Once upon a time, I wore pajamas to work.
Standing in front of a roomful of people.
Speaking as an authority.
Okay fine. Not pajamas. Technically, I was wearing a traditional Kung Fu suit made of silk. If you’re not sure what these look like – think pajamas, and you’re 96% there.
Here’s a picture of me wearing pajamas back in 2008:
Why I Started
Before I talk about why I stopped wearing traditional kung fu clothing, let me talk about why I started in the first place.
I started because my Kung Fu master told me to.
It’s that simple.
He wore them, and once I became his chief representative in the U.S., he told me to do the same. I was extremely dutiful back then.
Now I’m done with all that. I’m done being dutiful. I’m done with anachronistic traditions. I’m done doing things simply because someone told me to do it.
And I’m definitely done wearing pajamas.
Karate Pajamas vs. Kung Fu Pajamas
In my Karate days, I wore a traditional white Karate suit (called a gi) and a belt (called an obi).
Different than a Kung Fu suit, but still basically pajamas.
However, there is one major difference in the Karate world: EVERYONE wears pajamas.
Pajamas are the official uniform in Karate.
When I switched to Kung Fu (including Tai Chi), it was different.
There was no dress code. There were no belts.
No one asked me to wear a uniform (until I became a teacher, that is).
And I liked this change!
I had become disillusioned with the belt system in Karate, and also the military-like structure.
Kung Fu appealed to me precisely because of the lack of belts and the lack of uniforms.
In retrospect, I see that it is ironic that I never wore a Kung Fu uniform until I started teaching. (Actually, I originally taught in an athletic shirt, but then switched after my former master scolded me.)
Sifu Clark Kent
You know, I always thought it was ridiculous that no one recognized Clark Kent. A pair of glasses and a different hair style? Really? That’s all it takes?
Turns out it’s true.
You don’t need much to go invisible.
Years ago, I was at the farmer’s market in my “civvies”. Browsing the produce, a student literally bumped into me.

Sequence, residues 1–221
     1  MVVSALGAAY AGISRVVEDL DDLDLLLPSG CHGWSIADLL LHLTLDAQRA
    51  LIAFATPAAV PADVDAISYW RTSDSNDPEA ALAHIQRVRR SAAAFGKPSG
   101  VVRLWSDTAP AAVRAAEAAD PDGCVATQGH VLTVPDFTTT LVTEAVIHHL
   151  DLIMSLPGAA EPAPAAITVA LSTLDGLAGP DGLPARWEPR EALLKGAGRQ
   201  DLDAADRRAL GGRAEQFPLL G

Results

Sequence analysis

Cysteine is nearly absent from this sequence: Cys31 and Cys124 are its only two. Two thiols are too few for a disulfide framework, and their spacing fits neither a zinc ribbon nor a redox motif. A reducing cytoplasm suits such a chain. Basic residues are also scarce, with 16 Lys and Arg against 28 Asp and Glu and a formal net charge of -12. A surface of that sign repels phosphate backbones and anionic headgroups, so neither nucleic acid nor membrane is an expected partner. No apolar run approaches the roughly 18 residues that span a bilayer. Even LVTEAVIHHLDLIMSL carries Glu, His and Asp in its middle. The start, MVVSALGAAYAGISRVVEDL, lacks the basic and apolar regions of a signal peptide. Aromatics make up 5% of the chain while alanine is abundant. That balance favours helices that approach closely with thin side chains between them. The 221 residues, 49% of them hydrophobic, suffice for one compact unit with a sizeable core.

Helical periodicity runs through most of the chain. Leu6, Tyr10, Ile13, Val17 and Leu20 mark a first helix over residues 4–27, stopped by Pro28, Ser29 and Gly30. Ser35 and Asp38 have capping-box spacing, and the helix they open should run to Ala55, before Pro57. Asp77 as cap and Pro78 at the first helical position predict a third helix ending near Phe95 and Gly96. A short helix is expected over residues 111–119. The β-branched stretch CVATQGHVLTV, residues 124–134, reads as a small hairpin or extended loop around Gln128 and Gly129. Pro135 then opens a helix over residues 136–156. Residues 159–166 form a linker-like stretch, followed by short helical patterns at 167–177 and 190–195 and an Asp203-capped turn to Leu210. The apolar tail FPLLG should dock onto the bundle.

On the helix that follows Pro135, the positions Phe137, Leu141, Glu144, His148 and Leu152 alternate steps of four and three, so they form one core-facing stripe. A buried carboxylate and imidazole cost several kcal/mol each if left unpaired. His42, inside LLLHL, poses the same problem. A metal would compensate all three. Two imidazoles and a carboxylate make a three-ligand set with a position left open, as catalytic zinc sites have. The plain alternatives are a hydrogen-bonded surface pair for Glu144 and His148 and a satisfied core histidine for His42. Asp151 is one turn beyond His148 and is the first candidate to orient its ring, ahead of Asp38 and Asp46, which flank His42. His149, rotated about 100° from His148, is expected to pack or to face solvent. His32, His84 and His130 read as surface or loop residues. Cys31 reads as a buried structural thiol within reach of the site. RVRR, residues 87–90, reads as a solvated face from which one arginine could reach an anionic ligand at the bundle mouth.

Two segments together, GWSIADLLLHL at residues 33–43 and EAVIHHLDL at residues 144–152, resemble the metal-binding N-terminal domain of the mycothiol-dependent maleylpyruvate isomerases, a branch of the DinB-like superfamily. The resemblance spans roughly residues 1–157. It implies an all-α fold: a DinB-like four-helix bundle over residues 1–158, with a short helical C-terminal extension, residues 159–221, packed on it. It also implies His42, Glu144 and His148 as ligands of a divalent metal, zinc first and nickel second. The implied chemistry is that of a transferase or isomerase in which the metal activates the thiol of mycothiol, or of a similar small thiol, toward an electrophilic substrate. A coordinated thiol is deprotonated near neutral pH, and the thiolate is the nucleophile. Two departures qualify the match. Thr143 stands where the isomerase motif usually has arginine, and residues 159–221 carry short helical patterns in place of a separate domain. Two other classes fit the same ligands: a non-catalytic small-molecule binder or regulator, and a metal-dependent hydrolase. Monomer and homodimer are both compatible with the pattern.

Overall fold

“Sorry,” he said with a tone that sound more like, “move it, buddy”.
And then I waited it for it.
It usually takes about 5 seconds.
The look of recognition, followed by:
“Oh my god! I’m so sorry Sifu! I didn’t recognize you!”
I live in a small college town, and this happened to me on a regular basis for years.
Wearing a polo shirt and jeans, I might as well have been Clark Kent.
Public vs. Private
Why was I wearing pajamas to work, and polo shirts everywhere else?
Something about that never sat right with me.
There’s an old zen saying that you should act in private the way you do in public, and vice versa.
That statement was in the back of my mind, but I ignored it.
When I divorced my master, I began to reexamine all of the traditions I had inherited.
It’s my mission to bring Qigong and Tai Chi into the 21st century, so I need to be absolutely clear about which traditions I keep, and which I ignore.
For example, the tradition of feeling gratitude toward the art itself – that’s a gem. I’ll keep that.
The pajamas, however – they can go.
They are already gone. I’ve been teaching in polo shirts for nearly 2 years.
And guess what?
It turns out I can teach perfectly well in a polo shirt. Who knew!?!
Some students want to learn tai chi from a robe-wearing, parable-dropping old monk from a Shaw Brothers Kung Fu movie.
That’s just not me.
Because sometimes, there’s just no other way to express the majesty of tai chi. This shit is amazing.
The Importance of Being Me
I’ve learned that it’s critical for me to be myself.
It’s better for you. It’s better for me.
Why this is better for you: Students often have unrealistic expectations about Kung Fu and Tai Chi teachers. Wearing pajamas just feeds those fantasies. Wearing a regular shirt forces students to look below the surface, and that’s a good thing.
Why this is better for me: I pride myself on being a man of integrity. Wearing the traditional suits always felt disingenuous to me.
Here’s the funny thing. I’ve got lots of old black and white photos of my teacher’s teacher, Sifu Ho Fatt Nam.
In most of them, he’s wearing a cotton t-shirt.
No pajamas for him!
See, tradition is a funny thing. A lot of my ex-classmates wear silk suits because…tradition!
So if I start wearing sleeveless, white t-shirts like my Sigung (my teacher’s teacher), am I somehow more traditional than them?
Wear What You Like
If you are a teacher, and you still wear traditional suits, I can respect that. If it works for you, then great!
All I know is that it doesn’t work for me.
What I wear while teaching might not seem like a big deal, but it is. To me, it is symbolic.
My mission is to bring these ancient arts into the 21st century. I think I can do that better while wearing 21st century clothing.
Now I’d love to hear from you. What do you think of the traditional pajamas? Best regards, Sifu Anthony I’m Anthony Korahais, and I used qigong (pronounced "chee gung") to heal from clinical depression, low back pain, anxiety, and chronic fatigue. Today, I'm the director of Flowing Zen, an international organization with students in 48 counties. I've been teaching qigong since 2005, I've served on the board for the National Qigong Association, and I’ve helped thousands of people to use qigong for their own stubborn health challenges. If you're ready to get started with qigong, there's no better way than my best selling book, which comes with free videos and meditations. The sooner you read my book, the sooner you can start healing! Click here to see my book on Amazon.